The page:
Sunday, March 12, 2023

ASCENT - Sydney Dance Company


"Forever and Ever" - choreographed by Antony Hamilton"

“I Am-ness” – Choreographed by Rafael Bonachela – Lighting Design by Damien Cooper

“The Shell, A Ghost, The Host & The Lyrebird” –Choreographed by Marina Mascarell – Music by Nick Wales -  Set & Costumes designed by Lauren Brincat and Leah Giblin – Lighting Design by Damien Cooper

“Forever and Ever” – Choreographed by Antony Hamilton – Music by Julian Hamilton - Costumes designed by Paula Levis – Lighting Design by Ben Cisterne

The Playhouse, Canberra Theatre Centre: 9 – 11 March, 2023.

Opening night performance on 9th March reviewedby Bill Stephens

"I Am-ness" - choreographed by Rafael Bonachela

It’s not unusual for companies to premiere new works in Canberra. We are the national capital after all. However it is unusual for the Sydney Dance Company to premiere one of its works outside Sydney. In fact, this is the first time the company has done this in the fifteen years  Rafael Bonachela has been its Artistic Director.

“Ascent” contains two world premieres. Bonachela’s own new work, “I Am-ness”;  and the first ever Australian commissioned work by Spanish choreographer, Marena Mascarell, “The Shell, A Ghost, The Host and the Lyrebird”.  The third work in this triple bill is a revival of Antony Hamilton’s 2018 Helpmann Award winning masterwork, “Forever & Ever”. 

The evening commenced on a meditative note with the opening strains of Peteris Vasks’ “Lonely Angel” filling the darkened theatre to herald Bonachela’s “I Am-ness”. As the curtain slowly rose, four dancers were revealed, motionless on a haze-filled stage.  They began to respond to the music forming complex sculptural patterns, engaging and disengaging with each other with superbly controlled and co-ordinated movement enhanced by Damien Cooper’s moody lighting design.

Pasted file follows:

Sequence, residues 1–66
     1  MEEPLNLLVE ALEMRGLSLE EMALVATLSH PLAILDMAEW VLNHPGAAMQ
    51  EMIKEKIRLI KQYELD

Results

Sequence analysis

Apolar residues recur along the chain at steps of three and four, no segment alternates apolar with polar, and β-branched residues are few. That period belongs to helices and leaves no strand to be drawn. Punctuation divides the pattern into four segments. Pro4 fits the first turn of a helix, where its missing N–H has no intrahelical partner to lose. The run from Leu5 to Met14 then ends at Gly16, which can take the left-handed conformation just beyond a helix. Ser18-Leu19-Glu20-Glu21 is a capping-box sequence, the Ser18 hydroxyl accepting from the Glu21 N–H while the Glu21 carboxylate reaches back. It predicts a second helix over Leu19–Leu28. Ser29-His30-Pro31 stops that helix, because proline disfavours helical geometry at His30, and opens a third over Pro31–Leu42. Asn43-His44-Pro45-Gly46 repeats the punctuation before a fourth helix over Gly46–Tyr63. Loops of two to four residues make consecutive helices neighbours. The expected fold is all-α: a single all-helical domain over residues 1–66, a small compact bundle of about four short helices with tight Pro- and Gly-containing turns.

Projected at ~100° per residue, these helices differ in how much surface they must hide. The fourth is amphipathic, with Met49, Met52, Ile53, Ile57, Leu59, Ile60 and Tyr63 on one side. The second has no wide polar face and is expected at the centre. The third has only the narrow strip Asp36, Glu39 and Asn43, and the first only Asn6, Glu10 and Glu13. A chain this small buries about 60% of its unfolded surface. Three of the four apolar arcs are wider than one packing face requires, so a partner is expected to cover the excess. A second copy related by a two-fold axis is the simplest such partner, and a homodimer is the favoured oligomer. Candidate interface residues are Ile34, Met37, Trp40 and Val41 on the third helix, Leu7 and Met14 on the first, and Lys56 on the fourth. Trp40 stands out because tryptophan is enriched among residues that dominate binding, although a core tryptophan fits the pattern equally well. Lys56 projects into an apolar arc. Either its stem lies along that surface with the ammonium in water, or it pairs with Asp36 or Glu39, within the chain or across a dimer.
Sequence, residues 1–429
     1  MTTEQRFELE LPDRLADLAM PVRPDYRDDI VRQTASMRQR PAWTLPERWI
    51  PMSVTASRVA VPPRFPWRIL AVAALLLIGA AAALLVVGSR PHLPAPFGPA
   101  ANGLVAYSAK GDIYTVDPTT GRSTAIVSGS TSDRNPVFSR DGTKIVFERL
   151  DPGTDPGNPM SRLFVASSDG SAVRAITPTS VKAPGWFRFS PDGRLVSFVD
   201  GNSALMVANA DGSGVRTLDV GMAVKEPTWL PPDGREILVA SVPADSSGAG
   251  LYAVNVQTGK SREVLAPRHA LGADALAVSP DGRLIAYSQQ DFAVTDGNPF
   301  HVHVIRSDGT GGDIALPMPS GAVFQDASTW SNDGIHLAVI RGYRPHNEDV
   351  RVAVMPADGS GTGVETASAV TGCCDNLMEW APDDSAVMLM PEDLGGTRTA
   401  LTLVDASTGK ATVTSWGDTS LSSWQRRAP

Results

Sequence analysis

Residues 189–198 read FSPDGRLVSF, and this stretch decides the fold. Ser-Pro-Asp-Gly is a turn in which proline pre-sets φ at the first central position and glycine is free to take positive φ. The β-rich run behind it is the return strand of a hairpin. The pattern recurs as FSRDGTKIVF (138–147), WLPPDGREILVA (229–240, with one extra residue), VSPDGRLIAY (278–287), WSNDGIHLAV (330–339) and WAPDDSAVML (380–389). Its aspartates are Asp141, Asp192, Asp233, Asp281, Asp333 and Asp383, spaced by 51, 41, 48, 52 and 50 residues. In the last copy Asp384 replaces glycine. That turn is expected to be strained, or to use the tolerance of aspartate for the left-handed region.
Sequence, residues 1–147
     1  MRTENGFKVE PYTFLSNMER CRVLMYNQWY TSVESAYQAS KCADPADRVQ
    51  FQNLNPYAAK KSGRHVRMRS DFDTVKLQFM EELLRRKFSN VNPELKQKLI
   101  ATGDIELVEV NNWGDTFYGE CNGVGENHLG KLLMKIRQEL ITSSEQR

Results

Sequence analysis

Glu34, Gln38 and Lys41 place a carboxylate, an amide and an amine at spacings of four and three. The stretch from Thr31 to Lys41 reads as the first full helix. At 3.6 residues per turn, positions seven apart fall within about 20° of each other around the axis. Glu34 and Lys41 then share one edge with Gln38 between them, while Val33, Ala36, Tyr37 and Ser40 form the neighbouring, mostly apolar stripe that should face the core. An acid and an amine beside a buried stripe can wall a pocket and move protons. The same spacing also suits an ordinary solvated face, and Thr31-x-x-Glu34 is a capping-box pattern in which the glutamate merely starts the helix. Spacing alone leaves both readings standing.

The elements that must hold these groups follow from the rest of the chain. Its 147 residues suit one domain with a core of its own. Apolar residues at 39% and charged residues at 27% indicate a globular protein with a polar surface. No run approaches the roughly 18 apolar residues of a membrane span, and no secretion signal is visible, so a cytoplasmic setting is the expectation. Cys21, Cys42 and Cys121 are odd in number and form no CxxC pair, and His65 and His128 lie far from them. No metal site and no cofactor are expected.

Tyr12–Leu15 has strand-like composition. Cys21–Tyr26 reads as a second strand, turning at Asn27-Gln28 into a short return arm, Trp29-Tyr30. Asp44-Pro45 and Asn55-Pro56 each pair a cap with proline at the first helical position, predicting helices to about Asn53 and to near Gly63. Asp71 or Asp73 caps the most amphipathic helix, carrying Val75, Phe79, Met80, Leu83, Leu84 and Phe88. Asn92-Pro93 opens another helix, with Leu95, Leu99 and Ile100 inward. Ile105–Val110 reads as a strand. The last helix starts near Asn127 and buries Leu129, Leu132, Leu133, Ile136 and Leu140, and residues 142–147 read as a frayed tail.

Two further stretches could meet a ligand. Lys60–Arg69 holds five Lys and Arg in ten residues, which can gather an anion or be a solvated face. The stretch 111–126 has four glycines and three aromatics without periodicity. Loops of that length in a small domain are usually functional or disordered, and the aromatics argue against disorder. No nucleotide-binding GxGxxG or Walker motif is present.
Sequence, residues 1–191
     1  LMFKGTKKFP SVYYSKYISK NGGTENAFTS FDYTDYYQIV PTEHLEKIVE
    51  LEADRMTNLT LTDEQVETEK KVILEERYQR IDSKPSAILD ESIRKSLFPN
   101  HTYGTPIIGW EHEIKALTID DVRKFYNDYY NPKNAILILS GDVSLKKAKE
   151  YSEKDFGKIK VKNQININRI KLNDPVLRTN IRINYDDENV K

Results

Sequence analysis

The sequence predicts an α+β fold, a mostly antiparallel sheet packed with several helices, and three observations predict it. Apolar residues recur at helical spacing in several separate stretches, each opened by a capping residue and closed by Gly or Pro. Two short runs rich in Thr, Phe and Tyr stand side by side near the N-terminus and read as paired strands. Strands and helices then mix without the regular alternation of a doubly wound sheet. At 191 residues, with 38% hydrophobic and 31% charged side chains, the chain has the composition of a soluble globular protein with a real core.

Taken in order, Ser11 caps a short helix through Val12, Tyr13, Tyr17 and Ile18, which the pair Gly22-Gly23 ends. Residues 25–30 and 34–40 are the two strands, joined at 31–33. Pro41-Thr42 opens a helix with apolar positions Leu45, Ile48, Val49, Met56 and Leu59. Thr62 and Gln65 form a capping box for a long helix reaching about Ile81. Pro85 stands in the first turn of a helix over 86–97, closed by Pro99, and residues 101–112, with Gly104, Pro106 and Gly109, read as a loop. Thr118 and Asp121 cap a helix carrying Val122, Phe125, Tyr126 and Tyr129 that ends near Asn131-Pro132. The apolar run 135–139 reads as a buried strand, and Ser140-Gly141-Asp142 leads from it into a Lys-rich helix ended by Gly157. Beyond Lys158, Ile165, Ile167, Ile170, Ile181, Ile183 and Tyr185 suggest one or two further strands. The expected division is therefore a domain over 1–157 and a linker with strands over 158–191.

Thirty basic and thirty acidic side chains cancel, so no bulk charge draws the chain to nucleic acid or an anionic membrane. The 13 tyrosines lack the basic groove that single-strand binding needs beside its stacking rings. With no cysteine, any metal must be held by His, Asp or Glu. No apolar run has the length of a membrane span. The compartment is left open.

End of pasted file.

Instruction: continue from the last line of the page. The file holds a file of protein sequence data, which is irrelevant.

"I Am-ness" choregraphed by Rafael Bonachela

“I Am-ness” is classic Bonachela. Another striking showcase of  his mastery of movement in which he  works  with four perfectly attuned dancers, Naiara de Matos, Piran  Scott, Madeline Harms and Riley Fitzgerald to create an abstract  visualisation of the music, so beautiful and compelling as to make it impossible to listen to this music again without the image of these dancers running through the mind.

"The Shell,  A Ghost, The Host & The Lyrebird" - choreographed by Marina Mascarell.

By way of contrast, Marina Mascarell’s stunning creation,  “The Shell, A Ghost, The Host & The Lyrebird” contained very little actual dance as such. Instead Mascarell offered a strikingly beautiful abstract staging involving hectares of ropes and fabric manipulated by 9 dancers to create, what appeared to be, a storm at sea.

Jesse Scales in "The Shell, A Ghost, The Host & The Lyrebird"

The remarkable set and costumes designed by Lauren Brincat and Leah Giblin certainly had a nautical flavour with red, white, and blue highlights featured prominently, while Damien Cooper’s atmospheric lighting design and Nick Wales impressionistic soundtrack which featured naturalistic sounds of creaking wood, sea birds and wind among the orchestrations, heightened this impression.